Single doses can cause fatigue and drowsiness and therefore reduce your ability to think on your feet (e.g. in a job interview or oral exam).

Benzodiazepines have some significant drawbacks. Firstly, people who take benzodiazepines on a daily basis for more than a few weeks may become physically dependent upon them. Therefore, these drugs should not be ceased abruptly as there is the risk of rebound anxiety and withdrawal effects. Anyone planning to reduce and or cease their intake of benzodiazepines should do so in consultation with their doctor.

Secondly, these drugs may be abused; therefore people who have a history of substance abuse may be advised to avoid benzodiazepines.

Thirdly, alcohol should not be consumed when you are taking benzodiazepines as it increases the sedative effect of the medication.

Furthermore, people taking benzodiazpines need to exercise caution when driving or operating potentially dangerous machinery until they work out how they respond to the medication.

Side effects may include poor memory, fatigue, sleeping longer, impaired coordination, and loss of interest in sex. Benzodiazepines may also worsen a sufferer’s depression.

 

Beta Blockers

Beta blockers, such as Inderal, are used to treat anxiety.

Beta blockers can alleviate heart palpitations and stop one’s hands from trembling as they block adrenaline receptors in the heart and muscles. They may also be helpful for blushing and sweating. These drugs are taken about an hour before a feared event and their effects last a couple of hours.

Beta blockers appear to be best used for performance anxiety.  i.e. public speaking, exams, music recitals etc. Beta blockers may be less effective at reducing negative anxiety provoking thoughts than they are at reducing physical anxiety symptoms such as heart palpitations and tremor. One of the limitations of using beta blockers is that if a feared social event is sprung on you without warning you don’t have an hour for the drugs to take effect.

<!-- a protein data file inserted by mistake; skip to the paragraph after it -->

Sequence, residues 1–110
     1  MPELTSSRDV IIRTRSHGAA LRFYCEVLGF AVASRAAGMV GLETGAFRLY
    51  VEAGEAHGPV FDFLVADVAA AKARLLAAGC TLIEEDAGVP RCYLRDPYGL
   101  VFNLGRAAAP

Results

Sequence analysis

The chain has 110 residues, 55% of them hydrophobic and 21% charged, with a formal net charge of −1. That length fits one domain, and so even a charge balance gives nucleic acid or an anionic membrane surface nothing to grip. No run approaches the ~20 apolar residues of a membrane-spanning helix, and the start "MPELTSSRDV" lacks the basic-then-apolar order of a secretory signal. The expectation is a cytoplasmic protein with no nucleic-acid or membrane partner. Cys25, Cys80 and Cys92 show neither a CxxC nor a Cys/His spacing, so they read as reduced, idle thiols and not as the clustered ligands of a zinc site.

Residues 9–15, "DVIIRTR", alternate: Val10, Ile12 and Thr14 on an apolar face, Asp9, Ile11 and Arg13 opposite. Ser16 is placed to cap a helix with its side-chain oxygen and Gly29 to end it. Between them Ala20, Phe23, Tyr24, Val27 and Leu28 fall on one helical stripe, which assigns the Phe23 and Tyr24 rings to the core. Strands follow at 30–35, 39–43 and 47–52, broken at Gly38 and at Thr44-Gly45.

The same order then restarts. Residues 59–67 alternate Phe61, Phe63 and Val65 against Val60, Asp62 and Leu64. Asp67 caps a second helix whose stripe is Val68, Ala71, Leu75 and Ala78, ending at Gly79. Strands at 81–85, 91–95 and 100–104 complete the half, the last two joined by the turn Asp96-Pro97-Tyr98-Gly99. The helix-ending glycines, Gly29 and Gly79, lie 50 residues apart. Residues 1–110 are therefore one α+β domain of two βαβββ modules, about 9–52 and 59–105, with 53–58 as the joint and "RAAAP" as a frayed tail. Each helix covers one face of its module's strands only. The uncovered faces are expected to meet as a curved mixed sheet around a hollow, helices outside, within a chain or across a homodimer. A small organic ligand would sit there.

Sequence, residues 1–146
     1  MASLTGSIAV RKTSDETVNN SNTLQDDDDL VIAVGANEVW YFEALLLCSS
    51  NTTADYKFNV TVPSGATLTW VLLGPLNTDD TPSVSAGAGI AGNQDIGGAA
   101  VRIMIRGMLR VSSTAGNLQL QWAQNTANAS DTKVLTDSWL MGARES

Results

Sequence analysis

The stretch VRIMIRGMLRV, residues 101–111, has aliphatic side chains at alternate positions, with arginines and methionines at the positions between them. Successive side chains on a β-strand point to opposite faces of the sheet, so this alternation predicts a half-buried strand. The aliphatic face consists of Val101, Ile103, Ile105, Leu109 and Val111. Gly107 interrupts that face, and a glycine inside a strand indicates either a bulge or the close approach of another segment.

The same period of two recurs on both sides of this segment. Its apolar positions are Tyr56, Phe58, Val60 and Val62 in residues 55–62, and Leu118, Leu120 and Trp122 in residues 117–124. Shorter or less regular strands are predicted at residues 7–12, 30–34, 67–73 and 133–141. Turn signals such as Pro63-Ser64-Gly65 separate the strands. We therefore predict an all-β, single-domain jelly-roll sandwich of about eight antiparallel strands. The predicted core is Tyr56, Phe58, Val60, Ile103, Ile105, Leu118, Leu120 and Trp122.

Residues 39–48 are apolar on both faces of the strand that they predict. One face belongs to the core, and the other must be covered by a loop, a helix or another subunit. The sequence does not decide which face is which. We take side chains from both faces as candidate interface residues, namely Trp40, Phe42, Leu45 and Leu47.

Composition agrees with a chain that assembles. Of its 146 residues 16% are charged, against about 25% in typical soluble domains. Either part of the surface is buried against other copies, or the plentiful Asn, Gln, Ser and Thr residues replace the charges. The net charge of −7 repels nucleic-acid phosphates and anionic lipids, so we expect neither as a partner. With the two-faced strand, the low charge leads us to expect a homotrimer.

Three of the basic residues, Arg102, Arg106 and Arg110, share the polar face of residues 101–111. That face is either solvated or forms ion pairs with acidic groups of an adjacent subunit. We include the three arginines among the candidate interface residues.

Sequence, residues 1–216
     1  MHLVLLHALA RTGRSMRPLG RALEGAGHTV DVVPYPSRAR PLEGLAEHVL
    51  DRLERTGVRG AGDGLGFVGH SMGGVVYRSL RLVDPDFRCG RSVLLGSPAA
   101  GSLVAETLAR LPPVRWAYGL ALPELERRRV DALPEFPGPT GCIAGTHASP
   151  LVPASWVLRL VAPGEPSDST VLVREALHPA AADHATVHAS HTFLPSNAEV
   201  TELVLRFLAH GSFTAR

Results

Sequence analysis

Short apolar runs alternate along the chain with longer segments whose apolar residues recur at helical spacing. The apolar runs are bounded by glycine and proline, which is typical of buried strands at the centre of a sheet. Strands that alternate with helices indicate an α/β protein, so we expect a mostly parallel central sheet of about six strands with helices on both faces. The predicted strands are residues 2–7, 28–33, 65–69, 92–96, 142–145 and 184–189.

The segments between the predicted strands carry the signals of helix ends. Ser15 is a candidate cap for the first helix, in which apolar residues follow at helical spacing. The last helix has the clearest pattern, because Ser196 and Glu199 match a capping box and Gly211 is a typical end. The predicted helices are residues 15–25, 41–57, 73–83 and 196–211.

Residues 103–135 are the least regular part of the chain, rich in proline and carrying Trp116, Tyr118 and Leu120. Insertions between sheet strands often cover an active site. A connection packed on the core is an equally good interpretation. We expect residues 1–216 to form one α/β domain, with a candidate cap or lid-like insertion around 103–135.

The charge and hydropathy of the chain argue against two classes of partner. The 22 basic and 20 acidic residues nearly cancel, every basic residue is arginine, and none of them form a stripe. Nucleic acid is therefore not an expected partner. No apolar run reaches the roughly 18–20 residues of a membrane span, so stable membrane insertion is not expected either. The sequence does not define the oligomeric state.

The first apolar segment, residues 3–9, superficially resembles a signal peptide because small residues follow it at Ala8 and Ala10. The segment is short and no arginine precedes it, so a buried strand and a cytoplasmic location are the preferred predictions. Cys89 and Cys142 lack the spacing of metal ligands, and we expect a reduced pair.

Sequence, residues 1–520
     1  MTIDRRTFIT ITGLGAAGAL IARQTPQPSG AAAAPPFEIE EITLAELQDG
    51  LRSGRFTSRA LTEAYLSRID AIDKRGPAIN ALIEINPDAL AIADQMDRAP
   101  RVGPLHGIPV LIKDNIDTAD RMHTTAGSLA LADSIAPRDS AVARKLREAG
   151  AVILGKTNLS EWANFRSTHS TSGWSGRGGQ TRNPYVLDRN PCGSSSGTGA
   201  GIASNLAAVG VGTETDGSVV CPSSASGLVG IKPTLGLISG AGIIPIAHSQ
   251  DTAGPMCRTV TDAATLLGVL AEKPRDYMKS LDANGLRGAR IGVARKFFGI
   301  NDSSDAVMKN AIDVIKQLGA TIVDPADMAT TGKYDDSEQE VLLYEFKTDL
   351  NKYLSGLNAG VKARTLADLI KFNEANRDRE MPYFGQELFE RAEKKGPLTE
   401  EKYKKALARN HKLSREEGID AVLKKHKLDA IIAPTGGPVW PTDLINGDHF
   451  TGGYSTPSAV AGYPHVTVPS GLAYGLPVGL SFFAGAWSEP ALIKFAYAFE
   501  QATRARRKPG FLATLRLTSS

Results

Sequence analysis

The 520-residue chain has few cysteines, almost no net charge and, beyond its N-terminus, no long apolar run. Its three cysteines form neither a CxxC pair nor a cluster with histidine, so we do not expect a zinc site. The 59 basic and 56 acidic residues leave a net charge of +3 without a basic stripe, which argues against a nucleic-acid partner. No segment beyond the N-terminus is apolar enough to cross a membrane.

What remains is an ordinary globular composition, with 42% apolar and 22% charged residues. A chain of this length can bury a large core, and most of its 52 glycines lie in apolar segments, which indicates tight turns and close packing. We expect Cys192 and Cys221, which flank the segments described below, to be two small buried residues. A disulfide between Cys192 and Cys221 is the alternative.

Beta blockers generally cannot be used by asthmatics, diabetics or people with some forms of heart disease,

 

 

PSYCHOLOGIST

 

Catherine Madigan (B.A. Hons., M.A. (Clinical Psychology), M.A.P.S.

Catherine Madigan is a Melbourne Clinical psychologist who specialises in the treatment of social anxiety. She offers a group cognitive behavioral therapy program for social anxiety sufferers. Catherine has been offering this group program for over 8 years and has conducted these groups for both the public mental health system and as part of her private practice. Catherine’s work with social anxiety sufferers has been featured in the most prestigious Australian publications, with the Commonwealth Rehabilitation Service and job placement agencies having referred clients to ‘Overcoming Shyness and Social Anxiety’.

 

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The ‘Overcoming Shyness & Social Anxiety’ program teaches cognitive therapy and relaxation techniques (e.g. slow breathing, isometric relaxation) and provides the opportunity for participants to role-play their feared social situations (exposure therapy).

Reserve your seat for the program today (Only 8 seats are available per program).

 

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Do You Fear..?

  • Public Speaking
  • Acting Assertively
  • Meeting New People
  • Initiating Or Participating In Conversations
  • Job Interviews & Dealing With Authority Figures
  • Performing (e.g. Singing, Acting, Playing A Musical Instrument)